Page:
6.7 It is further contended that the claim of the respondent contractor that the judgment passed by the High Court in the year 2008 was contrary to law and cannot confer jurisdiction on the arbitrator is misconceived and erroneous for the reason that the order was passed with consent and even if the order is wrong, it will continue to bind the parties until and unless it is set aside by a competent court. Reliance is placed on the decisions of this Court in the case of Pushpa Devi Bhagat (D) Th. LR. Sadhna Rai (Smt.) vs. Rajinder Singh & Ors., (2006) 5 SCC 566 (para 17) and Rafique Bibi (Dead) By Lrs. vs. Sayed Waliuddin (Dead) by LRs and others, (2004) 1 SCC 287 (paras 7 and 8).

7. Making the above submissions and relying upon the above decisions, it is prayed to allow the present appeals and set aside the impugned judgment and orders passed by the High Court.

8. Present appeals are vehemently opposed by Shri Kavin Gulati, learned Senior Advocate appearing on behalf of respondent - contractor. It is submitted that the 1983 Act is a Special Act providing for statutory and compulsory arbitration under the said Act for disputes pertaining to 'works contract'. It is submitted that Section 7 of the Act provides that either party to a 'works contract'.... shall irrespective of the fact whether the agreement contains an arbitration clause or not, refer in writing the dispute to the Tribunal.

It is contended that the term 'dispute' is defined in Section 2(d) to mean a claim having a value of Rs.50,000/or more. It is contended that therefore the claims above Rs.50,000/are to be compulsorily brought before the Tribunal constituted under Section 3 of the 1983 Act.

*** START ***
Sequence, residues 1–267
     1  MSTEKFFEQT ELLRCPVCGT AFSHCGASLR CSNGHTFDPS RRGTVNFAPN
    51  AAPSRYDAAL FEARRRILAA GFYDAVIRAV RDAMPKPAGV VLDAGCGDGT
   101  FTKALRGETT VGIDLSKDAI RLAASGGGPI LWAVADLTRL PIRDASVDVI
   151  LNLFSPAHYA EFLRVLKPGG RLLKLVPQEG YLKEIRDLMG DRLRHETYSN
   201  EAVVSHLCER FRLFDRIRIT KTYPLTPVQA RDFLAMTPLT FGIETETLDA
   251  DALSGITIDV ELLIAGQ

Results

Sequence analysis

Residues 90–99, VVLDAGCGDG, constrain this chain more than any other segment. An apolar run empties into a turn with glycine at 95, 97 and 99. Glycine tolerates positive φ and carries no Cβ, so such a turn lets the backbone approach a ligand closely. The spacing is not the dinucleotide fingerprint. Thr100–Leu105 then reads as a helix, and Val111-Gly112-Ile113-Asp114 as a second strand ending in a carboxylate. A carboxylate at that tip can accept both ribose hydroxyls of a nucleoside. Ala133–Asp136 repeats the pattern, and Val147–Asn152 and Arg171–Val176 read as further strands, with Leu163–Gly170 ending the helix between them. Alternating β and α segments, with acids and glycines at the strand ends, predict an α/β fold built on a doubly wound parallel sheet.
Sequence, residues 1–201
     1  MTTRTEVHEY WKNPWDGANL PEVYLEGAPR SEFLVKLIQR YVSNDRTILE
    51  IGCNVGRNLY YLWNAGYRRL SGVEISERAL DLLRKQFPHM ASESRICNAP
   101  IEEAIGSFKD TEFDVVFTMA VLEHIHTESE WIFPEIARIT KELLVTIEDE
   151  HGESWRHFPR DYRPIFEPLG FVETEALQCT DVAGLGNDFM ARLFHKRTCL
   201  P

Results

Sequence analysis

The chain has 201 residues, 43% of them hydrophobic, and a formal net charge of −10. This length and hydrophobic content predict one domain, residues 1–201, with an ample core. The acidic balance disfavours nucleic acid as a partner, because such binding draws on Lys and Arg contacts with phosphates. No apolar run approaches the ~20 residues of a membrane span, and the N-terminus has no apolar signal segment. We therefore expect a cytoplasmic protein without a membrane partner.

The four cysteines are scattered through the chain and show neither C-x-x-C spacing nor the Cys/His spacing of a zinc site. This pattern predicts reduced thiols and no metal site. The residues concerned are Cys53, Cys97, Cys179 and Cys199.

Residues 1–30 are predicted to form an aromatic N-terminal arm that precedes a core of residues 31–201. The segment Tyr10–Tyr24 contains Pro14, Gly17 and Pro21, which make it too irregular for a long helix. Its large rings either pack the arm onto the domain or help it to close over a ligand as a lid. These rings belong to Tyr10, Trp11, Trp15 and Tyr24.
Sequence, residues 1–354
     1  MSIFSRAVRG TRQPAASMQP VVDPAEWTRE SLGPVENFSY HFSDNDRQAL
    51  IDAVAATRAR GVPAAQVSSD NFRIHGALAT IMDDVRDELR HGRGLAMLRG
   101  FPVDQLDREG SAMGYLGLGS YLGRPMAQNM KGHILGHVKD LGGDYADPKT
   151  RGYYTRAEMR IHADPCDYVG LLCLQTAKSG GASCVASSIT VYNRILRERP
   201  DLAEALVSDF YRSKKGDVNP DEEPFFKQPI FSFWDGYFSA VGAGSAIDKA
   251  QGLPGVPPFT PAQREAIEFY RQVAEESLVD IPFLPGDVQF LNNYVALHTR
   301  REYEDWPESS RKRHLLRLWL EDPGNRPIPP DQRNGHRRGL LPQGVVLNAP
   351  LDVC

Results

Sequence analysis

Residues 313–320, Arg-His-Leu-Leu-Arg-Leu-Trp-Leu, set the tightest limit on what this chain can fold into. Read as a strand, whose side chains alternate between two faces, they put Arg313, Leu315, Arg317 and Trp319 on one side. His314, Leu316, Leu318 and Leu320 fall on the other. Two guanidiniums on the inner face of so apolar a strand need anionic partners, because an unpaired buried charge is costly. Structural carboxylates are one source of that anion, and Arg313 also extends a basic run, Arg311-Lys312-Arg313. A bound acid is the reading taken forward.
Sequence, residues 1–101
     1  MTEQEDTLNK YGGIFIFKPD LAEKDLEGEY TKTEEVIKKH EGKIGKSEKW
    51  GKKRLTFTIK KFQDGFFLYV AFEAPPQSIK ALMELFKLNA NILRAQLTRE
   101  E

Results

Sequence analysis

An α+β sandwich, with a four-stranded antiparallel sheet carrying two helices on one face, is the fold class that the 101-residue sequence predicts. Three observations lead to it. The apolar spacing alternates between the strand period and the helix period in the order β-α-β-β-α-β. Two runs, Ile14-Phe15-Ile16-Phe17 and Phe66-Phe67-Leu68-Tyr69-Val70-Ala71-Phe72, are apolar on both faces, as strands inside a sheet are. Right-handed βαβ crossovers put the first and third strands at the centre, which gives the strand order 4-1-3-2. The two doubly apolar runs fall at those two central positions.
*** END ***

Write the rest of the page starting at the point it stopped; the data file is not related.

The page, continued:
8.1 It is urged that even as per Section 7B of the 1983 Act no dispute can be referred to the Arbitration Tribunal unless the dispute is first referred for decision of the final authority under the scope of the term 'works contract'. It is only once a decision is made or if the authority fails to make a decision can a claim be preferred before the Tribunal.

8.2 It is submitted that the 1983 Act is a Special Act insofar as the State of M.P. is concerned, and therefore it will prevail over the provisions of the Arbitration Act, 1996. Reliance is placed on the decision of this Court in the case of M.P. Rural Road Development Authority and Anr. vs. L.G. Chaudhary Engineers & Contractors reported in (2012) 3 SCC 495 and the subsequent decision in M.P. Rural Road Development Authority and Anr. vs. L.G. Chaudhary Engineers & Contractors reported in (2018) 10 SCC 826.

8.3 It is submitted that the full Bench of the Madhya Pradesh High Court has also taken the same view in the case of Viva Highways Ltd. vs. MP Rural Road Development Corporation Ltd. in AA No. 14 of 2017 and connected matters. It is submitted that the said judgment has been approved by this Hon'ble Court in the case of M/s Essel Infra Projects Ltd. vs. The State of MP in Civil Appeal No.4250 of 2018.

8.4 It is submitted that in the present case, arbitration clause contained in Clause 29 of the Agreement contemplates a twostage adjudication. At the first stage a reference has to be made to the Deputy Housing Commissioner for his decision. If the amount is above Rs.25,000/then the papers have to be placed before the Housing Commissioner. This constitutes the first stage. The second stage then contemplates that, if the parties are aggrieved by the decision of the Deputy Housing Commissioner, then the dispute will be referred to the Additional Housing Commissioner subject to the jurisdiction and limitations in accordance with the provisions of the 1983 Act.